CAPE CANAVERAL – SpaceX and NASA launched a crew of astronauts who hail from all over the world on a trip to the International Space Station.
The four crew members – astronauts Nicole Mann and Josh Cassada of NASA, astronaut Koichi Wakata of JAXA, or Japan Aerospace Exploration Agency, and cosmonaut Anna Kikina of Roscosmos – lifted off at noon from Kennedy Space Center.
Dubbed Crew-5, the mission is the sixth astronaut flight launched as a joint endeavor between NASA and SpaceX, a privately held aerospace company, to the space station.
The space flight marks a historic moment. Mann is not only the first Native American woman ever to travel to space, she’s also the mission commander, making her the first woman ever to take on such a role for a SpaceX mission.
What’s more, Kikina is the first Russian to join a SpaceX mission as part of a ride-sharing deal NASA and Russia’s space agency, Roscosmos, inked in July. Her participation in the flight is the latest clear signal that, despite mounting tensions over Russia’s invasion of Ukraine, the decades-long US-Russia partnership in space will persist – at least for now.
The spacecraft is aiming to dock with the space station on Thursday around 5 p.m.
Who are the other astronauts on board?
Mann and her fellow NASA astronaut Josh Cassada, who grew up in White Bear Lake, Minnesota, both joined NASA in 2013. Cassada has described Mann as one of his “closest friends on the planet.”
As with Mann, this mission is the first trip to space for Cassada and Kikina.
For veteran astronaut Wakata, who has previously flown on both NASA’s space shuttle and Russia’s Soyuz spacecraft, this trip marks his fifth spaceflight mission.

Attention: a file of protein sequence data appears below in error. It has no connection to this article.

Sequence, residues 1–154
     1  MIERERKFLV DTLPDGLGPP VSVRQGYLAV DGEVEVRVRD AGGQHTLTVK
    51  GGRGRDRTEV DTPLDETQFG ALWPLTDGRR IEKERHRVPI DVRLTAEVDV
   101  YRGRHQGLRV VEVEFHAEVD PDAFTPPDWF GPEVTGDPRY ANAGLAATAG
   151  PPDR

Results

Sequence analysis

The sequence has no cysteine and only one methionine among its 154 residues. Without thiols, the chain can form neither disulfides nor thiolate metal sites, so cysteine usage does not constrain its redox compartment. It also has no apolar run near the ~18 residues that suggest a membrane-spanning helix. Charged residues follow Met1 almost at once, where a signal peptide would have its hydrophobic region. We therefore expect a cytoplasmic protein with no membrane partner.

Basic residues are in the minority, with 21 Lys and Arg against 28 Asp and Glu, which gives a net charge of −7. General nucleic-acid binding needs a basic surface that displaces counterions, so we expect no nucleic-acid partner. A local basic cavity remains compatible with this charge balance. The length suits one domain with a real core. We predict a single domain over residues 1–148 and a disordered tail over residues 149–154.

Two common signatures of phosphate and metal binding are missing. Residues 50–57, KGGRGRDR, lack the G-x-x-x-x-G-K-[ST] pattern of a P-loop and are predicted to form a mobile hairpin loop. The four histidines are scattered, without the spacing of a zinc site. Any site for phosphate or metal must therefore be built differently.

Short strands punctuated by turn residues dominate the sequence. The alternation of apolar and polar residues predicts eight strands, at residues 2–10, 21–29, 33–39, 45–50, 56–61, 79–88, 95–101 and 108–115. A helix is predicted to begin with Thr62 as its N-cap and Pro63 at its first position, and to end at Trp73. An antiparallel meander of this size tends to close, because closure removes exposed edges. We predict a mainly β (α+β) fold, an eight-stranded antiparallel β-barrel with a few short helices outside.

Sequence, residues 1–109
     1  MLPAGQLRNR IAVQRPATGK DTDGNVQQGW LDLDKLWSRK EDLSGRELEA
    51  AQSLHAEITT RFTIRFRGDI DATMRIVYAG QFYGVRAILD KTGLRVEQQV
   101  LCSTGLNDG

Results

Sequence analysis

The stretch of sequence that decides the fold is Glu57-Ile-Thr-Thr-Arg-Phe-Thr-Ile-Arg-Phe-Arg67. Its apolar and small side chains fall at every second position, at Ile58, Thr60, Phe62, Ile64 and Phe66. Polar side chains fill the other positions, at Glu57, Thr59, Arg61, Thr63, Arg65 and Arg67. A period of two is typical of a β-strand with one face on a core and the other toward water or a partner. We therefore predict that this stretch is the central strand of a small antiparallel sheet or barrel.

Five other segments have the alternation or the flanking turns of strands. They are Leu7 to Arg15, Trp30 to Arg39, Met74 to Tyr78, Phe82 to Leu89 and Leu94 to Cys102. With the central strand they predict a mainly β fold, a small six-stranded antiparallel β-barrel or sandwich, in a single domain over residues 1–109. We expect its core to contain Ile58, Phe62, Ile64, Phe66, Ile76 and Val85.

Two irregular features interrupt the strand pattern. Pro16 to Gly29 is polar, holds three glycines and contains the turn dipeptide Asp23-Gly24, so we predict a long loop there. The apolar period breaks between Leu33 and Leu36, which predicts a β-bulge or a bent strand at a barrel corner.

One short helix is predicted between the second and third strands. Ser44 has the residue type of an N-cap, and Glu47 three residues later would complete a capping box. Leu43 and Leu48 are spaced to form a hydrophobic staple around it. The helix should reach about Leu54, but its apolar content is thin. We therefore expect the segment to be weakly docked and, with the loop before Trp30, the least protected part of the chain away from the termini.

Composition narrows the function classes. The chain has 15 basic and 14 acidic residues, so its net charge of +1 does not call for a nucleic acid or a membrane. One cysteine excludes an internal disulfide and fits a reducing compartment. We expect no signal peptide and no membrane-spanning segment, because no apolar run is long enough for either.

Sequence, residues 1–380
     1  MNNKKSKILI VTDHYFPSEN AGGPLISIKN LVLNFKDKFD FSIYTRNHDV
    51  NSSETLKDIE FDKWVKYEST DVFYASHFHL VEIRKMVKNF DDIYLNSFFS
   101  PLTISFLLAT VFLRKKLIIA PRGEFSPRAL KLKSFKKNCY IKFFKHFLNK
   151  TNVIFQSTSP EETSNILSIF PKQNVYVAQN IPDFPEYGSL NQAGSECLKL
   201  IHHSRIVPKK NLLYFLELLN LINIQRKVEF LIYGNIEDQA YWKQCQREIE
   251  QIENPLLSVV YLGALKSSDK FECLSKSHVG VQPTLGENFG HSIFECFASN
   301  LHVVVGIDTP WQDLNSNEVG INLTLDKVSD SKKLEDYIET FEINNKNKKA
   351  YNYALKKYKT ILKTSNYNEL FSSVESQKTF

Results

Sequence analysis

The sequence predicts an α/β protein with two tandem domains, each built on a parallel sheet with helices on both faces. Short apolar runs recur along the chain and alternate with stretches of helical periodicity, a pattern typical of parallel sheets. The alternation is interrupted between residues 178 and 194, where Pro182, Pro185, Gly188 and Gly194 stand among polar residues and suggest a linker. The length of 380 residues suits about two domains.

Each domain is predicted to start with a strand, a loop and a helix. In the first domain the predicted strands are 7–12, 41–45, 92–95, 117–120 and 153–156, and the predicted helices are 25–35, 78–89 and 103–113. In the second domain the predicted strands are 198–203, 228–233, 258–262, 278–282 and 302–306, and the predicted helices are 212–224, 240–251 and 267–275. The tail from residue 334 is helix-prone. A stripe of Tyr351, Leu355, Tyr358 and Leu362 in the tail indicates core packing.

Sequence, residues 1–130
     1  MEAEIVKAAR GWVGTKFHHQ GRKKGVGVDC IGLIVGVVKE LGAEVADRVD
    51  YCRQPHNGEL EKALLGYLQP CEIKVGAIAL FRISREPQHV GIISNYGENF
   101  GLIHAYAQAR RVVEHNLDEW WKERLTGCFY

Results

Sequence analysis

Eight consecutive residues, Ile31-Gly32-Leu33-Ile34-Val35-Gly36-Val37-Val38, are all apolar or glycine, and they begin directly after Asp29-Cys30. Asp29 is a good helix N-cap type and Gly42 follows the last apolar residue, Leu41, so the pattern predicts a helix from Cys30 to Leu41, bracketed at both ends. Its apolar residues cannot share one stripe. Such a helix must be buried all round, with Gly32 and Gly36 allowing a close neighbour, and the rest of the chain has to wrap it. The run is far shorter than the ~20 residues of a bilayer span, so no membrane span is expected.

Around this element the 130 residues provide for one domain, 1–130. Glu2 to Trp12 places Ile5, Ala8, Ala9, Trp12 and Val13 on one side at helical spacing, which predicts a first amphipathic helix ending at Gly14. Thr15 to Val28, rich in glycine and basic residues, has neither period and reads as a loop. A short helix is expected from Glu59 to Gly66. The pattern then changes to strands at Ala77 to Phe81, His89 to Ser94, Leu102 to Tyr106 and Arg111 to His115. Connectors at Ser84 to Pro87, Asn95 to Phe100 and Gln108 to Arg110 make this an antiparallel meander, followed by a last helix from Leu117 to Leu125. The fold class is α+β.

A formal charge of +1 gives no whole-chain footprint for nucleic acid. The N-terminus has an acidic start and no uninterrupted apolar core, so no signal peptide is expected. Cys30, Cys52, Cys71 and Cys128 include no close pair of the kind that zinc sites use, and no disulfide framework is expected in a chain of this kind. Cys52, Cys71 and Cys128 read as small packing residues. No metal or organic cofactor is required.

“I still remember when I first flew and saw our beautiful home planet,” he recalled during an August press conference. “It was so wonderful, such a beautiful planet, then I felt very lucky to be able to call this planet our home.”
What will they do in space?
After reaching the ISS, the crew will join the seven astronauts already aboard the ISS – including four NASA astronauts, a European Space Agency astronaut, and two Russian cosmonauts.
There will be a handover period, where the current ISS crew will help the newly arrived astronauts settle in before a separate Crew Dragon spacecraft brings the four astronauts who were part of SpaceX’s Crew-4 mission back home.
Then the Crew-5 astronauts will set to work conducting spacewalks, during which astronauts exit the ISS, to maintain the space station’s exterior, as well as performing more than 200 science experiments.
“Experiments will include studies on printing human organs in space, understanding fuel systems operating on the Moon, and better understanding heart disease,” according to NASA.
Crew-5 is slated to return from space in about five months.